But here, with a little bit of effort I get a lot of return."
ちょっとやってみたら いろんなことがわかるんだ」
19:02
And it really meant something to the child.
その子にとっては価値があったのです
19:06
The child read beautifully, it turned out,
その子は見事に読みこなして
19:08
and was really very competent. So it actually meant something.
すごく身についたのですから 有意義だったのです
19:10
And that story has many other anecdotes that are similar,
この出来事には 他にも逸話がたくさんあって
19:14
but wow. The key to the future of computers in education is right there,
コンピューターを使うこれからの教育にとって 重要な事が まさにここにあります
19:19
and it is: when does it mean something to a child?
では 子どもが価値を感じるのはいつでしょうか
19:26
There is a myth, and it truly is a myth:
ここで ある誤解があります
19:29
we believe -- and I'm sure a lot of you believe in this room --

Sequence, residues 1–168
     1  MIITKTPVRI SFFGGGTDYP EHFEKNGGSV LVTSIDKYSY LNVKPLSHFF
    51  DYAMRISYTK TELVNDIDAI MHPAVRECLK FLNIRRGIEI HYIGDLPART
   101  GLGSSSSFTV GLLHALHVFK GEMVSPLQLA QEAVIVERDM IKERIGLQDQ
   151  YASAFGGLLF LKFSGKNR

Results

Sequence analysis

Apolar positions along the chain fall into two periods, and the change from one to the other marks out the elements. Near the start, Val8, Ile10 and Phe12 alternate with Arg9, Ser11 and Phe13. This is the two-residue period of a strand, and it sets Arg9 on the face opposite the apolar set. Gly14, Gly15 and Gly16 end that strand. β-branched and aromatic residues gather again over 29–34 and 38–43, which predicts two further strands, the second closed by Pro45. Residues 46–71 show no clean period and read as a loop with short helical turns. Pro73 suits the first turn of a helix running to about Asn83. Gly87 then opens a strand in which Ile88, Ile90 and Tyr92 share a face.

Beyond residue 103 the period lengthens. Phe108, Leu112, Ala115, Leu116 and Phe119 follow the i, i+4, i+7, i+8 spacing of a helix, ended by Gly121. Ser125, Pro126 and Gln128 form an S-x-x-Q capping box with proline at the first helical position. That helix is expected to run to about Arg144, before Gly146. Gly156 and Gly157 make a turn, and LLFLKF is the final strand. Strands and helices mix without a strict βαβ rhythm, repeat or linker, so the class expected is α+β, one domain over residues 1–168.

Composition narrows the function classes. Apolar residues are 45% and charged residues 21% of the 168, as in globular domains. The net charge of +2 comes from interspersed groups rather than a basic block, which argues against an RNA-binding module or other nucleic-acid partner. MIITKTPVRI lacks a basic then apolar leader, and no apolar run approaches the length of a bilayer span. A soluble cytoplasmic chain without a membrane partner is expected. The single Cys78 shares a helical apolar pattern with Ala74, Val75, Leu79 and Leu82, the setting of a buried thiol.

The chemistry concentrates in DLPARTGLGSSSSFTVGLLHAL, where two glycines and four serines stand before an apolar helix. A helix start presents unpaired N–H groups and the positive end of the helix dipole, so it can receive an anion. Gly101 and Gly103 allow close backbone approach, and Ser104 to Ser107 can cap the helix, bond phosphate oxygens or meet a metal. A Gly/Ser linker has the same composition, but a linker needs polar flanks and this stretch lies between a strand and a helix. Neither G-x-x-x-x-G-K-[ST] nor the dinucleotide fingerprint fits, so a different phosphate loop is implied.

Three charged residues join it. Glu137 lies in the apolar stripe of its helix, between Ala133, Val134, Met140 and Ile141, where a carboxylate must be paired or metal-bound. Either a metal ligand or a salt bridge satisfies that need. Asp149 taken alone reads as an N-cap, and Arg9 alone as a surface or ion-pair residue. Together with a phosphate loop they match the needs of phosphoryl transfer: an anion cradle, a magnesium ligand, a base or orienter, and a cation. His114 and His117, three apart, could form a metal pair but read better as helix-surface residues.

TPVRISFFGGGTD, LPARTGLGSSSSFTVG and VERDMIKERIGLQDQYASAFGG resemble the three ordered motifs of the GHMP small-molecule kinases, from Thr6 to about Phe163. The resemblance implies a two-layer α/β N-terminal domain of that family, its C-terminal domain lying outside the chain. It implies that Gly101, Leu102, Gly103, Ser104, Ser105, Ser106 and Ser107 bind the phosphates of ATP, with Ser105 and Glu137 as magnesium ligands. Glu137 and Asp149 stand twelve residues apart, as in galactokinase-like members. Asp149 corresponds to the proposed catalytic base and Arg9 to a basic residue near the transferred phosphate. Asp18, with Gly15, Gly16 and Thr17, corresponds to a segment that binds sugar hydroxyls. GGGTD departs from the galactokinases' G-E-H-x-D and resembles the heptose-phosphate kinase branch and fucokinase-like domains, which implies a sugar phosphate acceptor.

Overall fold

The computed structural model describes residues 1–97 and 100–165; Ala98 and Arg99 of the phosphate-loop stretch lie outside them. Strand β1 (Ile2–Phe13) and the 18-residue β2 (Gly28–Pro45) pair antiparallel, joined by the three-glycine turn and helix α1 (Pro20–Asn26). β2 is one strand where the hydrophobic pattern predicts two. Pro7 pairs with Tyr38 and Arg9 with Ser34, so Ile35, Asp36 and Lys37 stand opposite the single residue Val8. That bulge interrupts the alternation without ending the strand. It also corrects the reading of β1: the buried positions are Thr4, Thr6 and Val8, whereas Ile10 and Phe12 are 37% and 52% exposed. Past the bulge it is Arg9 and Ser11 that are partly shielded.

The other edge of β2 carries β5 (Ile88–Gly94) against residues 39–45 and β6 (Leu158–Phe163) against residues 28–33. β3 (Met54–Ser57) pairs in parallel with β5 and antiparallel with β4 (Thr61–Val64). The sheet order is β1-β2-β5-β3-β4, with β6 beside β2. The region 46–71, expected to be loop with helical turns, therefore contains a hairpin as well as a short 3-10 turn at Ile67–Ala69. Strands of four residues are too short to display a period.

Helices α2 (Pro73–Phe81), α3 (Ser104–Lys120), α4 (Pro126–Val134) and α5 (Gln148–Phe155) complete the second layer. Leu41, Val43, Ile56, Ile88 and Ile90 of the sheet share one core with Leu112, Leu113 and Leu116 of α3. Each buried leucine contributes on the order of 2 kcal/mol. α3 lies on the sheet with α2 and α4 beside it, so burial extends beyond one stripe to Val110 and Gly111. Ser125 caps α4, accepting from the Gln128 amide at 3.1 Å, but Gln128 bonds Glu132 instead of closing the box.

私も皆さんも ほとんどが信じている事です
19:32
that it is harder to read and write than it is to learn how to speak.
話すことより 読み書きのほうが難しいと信じていますが
19:35
And it's not, but we think speech -- "My God, little children pick it up somehow,
違います 小さな子は勝手に言葉を使いだして
19:40
and by the age of two they're doing a mediocre job,
2歳までには つたなく話し出し
19:46
and by three and four they're speaking reasonably well.
3歳から4歳までには それなりに話すようになりますが
19:48
And yet you've got to go to school to learn how to read,
学校で読むことを習うようになると
19:51
and you have to sit in a classroom and somebody has to teach you.
教室に座って 授業を聞く必要があります
19:53
Hence, it must be harder." Well, it's not harder.
だから難しくなるのです でも本当は難しくありません
19:56
What the truth is is that speaking has great value to a child;
しゃべることは子どもにとってすごく価値があります
19:59
the child can get a great deal by talking to you.
しゃべれば相手から得る事がたくさんありますが
20:06
Reading and writing is utterly useless.
読み書きは役に立ちません
20:09
There is no reason for a child to read and write except blind faith,
意味がないから 機械的にやるしかないのです
20:11
and that it's going to help you. (Laughter)
まあ後で役には立ちます
20:16
So what happens is you go to school and people say,
学校ではこう言われます
20:19
"Just believe me, you're going to like it.
「信じなさい だんだん好きになるから